Jimmy Page was one-fourth of an iconic rock and roll legend. Led Zeppelin is still heavy-rotation fare on Classic Rock radio. The band has not released new material for decades, and only performed together — three out of four of them, anyway — on occasion.
Jimmy Page, Robert Plant, and John Paul Jones — the surviving members of Zeppelin — have had their share of recent press. Another band from the era is suing them over their song “Stairway to Heaven,” claiming they stole it. Most people seem to disagree, but a judge in Pennsylvania, of all places, will decide.
Recently rumors shot through social media like wildfire that Sir Richard Branson had offered Led Zeppelin an obscene amount of money to tour again. The story went that Robert Plant tore up his offer at a press conference. It turns out the whole thing was a hoax.
Led Zeppelin had a reputation in their heyday of being a ridiculously wild band, especially drummer John Bonham. Jimmy Page was said to be keenly interested in the occult, with rumors that he idolized Aleister Crowley keeping parents on high alert.
But like the urban legends surrounding Kiss, another classic rock stalwart, those rumors faded with time. Most of them haven’t necessarily been disproven, they just don’t matter all that much in a world where celebs can go to rehab on reality TV.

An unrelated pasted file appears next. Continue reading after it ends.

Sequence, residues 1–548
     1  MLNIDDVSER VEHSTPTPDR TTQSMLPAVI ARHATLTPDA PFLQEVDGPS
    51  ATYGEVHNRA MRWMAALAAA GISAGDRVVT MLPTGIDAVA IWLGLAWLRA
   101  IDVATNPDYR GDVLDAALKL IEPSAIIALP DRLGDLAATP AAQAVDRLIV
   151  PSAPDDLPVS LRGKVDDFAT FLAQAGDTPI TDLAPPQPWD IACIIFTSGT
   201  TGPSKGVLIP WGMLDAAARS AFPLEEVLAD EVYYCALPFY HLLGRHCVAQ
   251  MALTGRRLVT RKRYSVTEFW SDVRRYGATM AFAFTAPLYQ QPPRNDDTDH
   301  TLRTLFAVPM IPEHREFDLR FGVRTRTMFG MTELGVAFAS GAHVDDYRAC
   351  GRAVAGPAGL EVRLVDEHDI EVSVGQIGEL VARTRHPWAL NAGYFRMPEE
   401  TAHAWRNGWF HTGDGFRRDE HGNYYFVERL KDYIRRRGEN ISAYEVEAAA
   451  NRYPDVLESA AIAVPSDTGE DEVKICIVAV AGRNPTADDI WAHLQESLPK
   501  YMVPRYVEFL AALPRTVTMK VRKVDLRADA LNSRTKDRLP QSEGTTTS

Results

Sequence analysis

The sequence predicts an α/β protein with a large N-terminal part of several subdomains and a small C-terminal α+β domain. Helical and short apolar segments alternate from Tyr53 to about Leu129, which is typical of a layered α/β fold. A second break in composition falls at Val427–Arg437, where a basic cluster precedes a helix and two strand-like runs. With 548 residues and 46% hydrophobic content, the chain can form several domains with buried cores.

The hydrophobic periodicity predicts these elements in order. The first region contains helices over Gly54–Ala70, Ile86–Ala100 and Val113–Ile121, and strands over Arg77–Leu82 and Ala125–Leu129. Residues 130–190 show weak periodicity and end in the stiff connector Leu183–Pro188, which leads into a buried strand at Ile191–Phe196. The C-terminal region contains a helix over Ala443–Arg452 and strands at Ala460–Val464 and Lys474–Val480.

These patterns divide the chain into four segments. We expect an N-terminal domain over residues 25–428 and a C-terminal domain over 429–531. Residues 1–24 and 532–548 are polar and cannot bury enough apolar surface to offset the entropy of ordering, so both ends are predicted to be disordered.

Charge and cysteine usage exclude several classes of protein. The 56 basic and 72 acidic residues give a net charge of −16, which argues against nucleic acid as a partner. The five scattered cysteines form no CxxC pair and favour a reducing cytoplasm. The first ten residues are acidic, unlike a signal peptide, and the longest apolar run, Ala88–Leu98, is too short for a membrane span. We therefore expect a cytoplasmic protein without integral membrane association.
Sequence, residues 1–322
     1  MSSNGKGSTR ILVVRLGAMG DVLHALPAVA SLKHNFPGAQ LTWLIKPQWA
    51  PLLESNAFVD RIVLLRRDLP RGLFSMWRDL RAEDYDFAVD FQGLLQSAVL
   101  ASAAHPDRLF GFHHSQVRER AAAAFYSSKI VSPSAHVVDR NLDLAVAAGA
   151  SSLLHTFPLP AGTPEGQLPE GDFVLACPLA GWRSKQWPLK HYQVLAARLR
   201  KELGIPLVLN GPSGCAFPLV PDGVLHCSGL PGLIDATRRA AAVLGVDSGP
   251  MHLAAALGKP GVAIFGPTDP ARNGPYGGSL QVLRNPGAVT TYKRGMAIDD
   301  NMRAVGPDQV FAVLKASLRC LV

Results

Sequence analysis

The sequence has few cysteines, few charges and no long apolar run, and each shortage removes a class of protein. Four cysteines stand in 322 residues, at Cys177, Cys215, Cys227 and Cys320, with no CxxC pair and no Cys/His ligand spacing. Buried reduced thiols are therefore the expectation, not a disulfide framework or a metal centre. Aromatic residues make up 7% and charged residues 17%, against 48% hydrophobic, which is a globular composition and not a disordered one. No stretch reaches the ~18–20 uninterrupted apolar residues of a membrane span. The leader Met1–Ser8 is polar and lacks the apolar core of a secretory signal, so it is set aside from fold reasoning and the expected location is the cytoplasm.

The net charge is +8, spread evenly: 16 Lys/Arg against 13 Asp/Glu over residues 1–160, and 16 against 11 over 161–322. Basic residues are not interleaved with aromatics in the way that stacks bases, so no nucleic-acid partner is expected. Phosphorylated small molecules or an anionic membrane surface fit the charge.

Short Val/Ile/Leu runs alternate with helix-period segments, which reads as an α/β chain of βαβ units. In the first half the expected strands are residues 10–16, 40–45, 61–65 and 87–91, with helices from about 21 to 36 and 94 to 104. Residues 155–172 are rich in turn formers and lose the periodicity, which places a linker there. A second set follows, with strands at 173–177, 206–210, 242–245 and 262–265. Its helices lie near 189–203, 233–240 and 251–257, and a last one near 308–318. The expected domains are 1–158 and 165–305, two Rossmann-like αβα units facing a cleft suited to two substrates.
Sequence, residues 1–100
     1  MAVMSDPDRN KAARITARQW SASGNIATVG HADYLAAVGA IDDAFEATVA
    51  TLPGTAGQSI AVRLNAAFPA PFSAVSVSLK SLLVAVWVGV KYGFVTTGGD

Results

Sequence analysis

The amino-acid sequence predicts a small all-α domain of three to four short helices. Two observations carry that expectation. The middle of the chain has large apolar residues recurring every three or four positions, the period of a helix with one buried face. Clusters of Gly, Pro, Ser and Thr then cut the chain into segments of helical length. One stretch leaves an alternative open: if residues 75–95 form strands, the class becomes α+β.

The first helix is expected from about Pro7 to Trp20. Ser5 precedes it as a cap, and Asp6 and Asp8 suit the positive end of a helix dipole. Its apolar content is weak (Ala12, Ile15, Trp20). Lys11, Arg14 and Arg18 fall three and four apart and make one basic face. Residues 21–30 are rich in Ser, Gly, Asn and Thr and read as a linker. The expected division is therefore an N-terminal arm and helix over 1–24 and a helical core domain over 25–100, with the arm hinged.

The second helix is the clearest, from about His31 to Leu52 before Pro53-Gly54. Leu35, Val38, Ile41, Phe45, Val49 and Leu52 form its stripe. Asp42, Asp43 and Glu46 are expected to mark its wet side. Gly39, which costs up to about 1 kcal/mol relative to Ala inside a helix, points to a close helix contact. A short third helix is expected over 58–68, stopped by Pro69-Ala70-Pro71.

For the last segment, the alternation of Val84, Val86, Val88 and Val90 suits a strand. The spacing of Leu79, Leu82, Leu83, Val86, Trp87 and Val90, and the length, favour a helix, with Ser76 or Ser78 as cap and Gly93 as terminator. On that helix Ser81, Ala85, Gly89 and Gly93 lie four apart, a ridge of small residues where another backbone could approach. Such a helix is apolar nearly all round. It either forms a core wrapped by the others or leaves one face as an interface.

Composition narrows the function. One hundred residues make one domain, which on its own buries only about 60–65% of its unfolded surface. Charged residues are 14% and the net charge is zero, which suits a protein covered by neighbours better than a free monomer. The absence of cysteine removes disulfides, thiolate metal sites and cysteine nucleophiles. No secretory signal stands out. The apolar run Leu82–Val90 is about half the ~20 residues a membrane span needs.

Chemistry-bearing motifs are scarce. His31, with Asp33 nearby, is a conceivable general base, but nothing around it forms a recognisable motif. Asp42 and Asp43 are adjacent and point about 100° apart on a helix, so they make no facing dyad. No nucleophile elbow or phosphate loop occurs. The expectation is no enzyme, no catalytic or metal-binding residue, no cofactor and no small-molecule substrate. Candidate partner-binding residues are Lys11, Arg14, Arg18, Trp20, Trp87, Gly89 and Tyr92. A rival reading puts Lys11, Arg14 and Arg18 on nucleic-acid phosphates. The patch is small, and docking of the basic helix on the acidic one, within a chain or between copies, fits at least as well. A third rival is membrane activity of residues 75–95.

Books about Led Zeppelin’s crazy days claim they drank like fish, trashed hotel rooms, went through women like mad.
Jimmy Page recently did his own book, this one a picture book called Jimmy Page by Jimmy Page. When the L.A. Times asked him about why he did not do a written memoir, he said, “”f there were autobiographies of my contemporaries, I would always have a look to see what photographs were in there. I’d go straight to the photos. And I think a lot of people are like that.”
But would he ever write a memoir?
“I have been approached to do a written book,” he said, “and I like the idea, but it’s probably something to release posthumously. I want to be able to say everything. Everything.”
That, of course, implies that there is something to be said that he would not want to say while still alive to regret it.